Construction spending increased to a record six-year high of $982 billion in December, rising for the first time since 2009, the Associated General Contractors of America said on Monday.
Construction spending for December was 0.4 percent higher than in November and 2.2 percent higher than the previous December.
“For the first time in nearly a decade, there was a growth in all three major construction segments – public, private nonresidential and residential,” Ken Simonson, chief economist for Associated General Contractors of America, said.
The most improved private infrastructures were warehouses and multifamily buildings, which jumped to 50 and 34 percent, respectively, Simonson said. Offices, manufacturing and power, which includes oil and gas pipelines, rose significantly as well.
As for public infrastructure, road improvements and repairs grew 4.1 percent, and education grew 1.2 percent.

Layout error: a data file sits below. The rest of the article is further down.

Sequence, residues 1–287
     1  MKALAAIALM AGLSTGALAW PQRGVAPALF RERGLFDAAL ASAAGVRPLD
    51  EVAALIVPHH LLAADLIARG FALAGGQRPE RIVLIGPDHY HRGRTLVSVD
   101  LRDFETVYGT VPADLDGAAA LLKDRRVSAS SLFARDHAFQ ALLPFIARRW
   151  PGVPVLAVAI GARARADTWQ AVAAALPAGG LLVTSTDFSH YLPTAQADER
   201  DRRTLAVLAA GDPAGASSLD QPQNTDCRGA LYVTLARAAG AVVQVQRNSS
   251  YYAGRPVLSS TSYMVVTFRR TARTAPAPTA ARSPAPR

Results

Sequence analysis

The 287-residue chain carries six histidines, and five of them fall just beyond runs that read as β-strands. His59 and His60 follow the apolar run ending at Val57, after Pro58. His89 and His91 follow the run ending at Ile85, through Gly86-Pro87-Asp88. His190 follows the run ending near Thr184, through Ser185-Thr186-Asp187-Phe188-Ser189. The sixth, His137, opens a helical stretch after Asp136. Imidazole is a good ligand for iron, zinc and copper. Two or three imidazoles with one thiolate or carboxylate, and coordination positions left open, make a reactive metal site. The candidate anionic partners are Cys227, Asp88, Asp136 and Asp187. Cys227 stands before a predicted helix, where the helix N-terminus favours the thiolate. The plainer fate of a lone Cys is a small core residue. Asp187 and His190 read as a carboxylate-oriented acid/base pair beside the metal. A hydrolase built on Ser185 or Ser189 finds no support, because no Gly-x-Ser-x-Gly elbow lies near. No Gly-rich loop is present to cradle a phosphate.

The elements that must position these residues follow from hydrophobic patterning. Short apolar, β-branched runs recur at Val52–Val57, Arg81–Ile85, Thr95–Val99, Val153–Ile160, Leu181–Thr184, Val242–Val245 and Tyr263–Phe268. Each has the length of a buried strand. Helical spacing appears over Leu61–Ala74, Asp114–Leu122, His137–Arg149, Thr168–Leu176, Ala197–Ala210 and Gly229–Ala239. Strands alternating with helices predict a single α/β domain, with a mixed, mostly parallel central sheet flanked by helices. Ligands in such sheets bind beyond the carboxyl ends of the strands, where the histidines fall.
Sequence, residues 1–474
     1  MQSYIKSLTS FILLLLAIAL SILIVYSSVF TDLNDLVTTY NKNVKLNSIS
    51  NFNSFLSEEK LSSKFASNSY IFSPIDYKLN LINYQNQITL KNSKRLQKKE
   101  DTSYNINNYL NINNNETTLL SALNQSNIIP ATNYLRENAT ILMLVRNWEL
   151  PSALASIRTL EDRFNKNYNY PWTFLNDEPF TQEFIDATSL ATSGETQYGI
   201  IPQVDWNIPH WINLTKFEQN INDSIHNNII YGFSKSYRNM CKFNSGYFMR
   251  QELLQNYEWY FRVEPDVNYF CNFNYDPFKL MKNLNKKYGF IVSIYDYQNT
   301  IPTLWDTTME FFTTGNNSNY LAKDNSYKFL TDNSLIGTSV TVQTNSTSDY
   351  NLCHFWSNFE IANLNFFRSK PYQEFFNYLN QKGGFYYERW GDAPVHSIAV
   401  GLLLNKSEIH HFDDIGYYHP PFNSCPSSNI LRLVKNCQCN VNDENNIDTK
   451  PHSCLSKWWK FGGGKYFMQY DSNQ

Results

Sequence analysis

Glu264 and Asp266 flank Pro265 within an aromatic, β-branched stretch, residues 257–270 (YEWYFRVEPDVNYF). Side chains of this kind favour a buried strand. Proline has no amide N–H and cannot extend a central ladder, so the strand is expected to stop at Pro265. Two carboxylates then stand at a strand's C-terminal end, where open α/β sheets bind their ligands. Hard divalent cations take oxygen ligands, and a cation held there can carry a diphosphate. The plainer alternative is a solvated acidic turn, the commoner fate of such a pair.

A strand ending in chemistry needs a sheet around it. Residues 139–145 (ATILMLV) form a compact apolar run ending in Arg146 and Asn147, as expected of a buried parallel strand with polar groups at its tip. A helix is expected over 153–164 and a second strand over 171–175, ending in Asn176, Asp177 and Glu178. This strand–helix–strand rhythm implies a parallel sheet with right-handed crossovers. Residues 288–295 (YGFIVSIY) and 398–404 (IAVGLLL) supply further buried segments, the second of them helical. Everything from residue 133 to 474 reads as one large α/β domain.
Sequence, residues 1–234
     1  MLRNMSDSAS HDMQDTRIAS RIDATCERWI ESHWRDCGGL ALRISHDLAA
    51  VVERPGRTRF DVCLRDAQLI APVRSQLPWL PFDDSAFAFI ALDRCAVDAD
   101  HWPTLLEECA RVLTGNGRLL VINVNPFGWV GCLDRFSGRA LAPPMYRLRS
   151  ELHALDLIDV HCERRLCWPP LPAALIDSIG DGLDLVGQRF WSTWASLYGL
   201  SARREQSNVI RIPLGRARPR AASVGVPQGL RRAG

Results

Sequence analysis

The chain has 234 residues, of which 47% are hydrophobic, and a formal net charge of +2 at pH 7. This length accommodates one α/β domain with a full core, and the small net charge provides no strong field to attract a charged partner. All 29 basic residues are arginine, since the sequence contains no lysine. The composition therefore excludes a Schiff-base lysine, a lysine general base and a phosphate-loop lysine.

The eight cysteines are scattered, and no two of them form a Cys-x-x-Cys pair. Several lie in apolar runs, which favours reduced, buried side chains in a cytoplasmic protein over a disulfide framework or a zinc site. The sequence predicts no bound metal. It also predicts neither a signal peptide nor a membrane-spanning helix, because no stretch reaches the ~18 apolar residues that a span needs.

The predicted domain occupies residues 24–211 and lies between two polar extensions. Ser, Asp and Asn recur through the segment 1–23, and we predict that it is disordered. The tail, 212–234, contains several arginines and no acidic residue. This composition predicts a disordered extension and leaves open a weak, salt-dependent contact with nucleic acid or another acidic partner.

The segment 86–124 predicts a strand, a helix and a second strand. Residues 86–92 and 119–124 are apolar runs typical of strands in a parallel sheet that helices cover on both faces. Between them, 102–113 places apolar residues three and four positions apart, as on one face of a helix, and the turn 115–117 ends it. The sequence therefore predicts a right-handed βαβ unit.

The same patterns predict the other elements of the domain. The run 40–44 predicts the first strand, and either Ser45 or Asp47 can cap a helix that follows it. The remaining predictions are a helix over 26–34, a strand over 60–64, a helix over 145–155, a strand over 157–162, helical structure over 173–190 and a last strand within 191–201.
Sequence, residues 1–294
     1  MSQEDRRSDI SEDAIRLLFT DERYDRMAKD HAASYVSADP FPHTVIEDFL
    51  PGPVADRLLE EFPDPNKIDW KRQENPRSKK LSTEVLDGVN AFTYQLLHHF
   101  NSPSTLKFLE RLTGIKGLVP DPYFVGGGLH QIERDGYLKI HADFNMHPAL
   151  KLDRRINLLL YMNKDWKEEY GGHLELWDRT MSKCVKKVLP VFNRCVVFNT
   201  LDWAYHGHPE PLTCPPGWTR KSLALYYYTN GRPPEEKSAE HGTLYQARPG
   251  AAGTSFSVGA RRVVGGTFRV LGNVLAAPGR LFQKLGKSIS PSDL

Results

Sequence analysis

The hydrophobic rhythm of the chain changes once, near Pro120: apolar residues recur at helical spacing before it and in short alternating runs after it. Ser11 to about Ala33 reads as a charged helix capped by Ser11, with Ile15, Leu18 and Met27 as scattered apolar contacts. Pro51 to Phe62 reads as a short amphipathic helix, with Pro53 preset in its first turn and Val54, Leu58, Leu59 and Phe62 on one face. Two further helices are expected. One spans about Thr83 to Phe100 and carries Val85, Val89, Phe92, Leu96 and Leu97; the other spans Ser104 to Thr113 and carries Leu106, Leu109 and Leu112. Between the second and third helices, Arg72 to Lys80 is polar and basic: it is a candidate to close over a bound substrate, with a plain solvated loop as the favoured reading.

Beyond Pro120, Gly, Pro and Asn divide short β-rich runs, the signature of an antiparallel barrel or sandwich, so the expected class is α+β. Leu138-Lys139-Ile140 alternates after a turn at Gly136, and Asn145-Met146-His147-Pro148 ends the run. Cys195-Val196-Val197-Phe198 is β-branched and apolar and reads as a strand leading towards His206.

Simonson also said spending on transportation facilities, such as airports and transit, grew 4.9 percent.
The association expects infrastructure funding plans in President Barack Obama's 2016 budget proposal will spark discussion on how to best finance the long overdue repairs needed to the most important public infrastructure, such as subways, roads and bridges.
“Congress should take advantage of this opportunity and work with the president to find the right funding solution,” Stephen E. Sandherr, the association’s chief executive officer, said.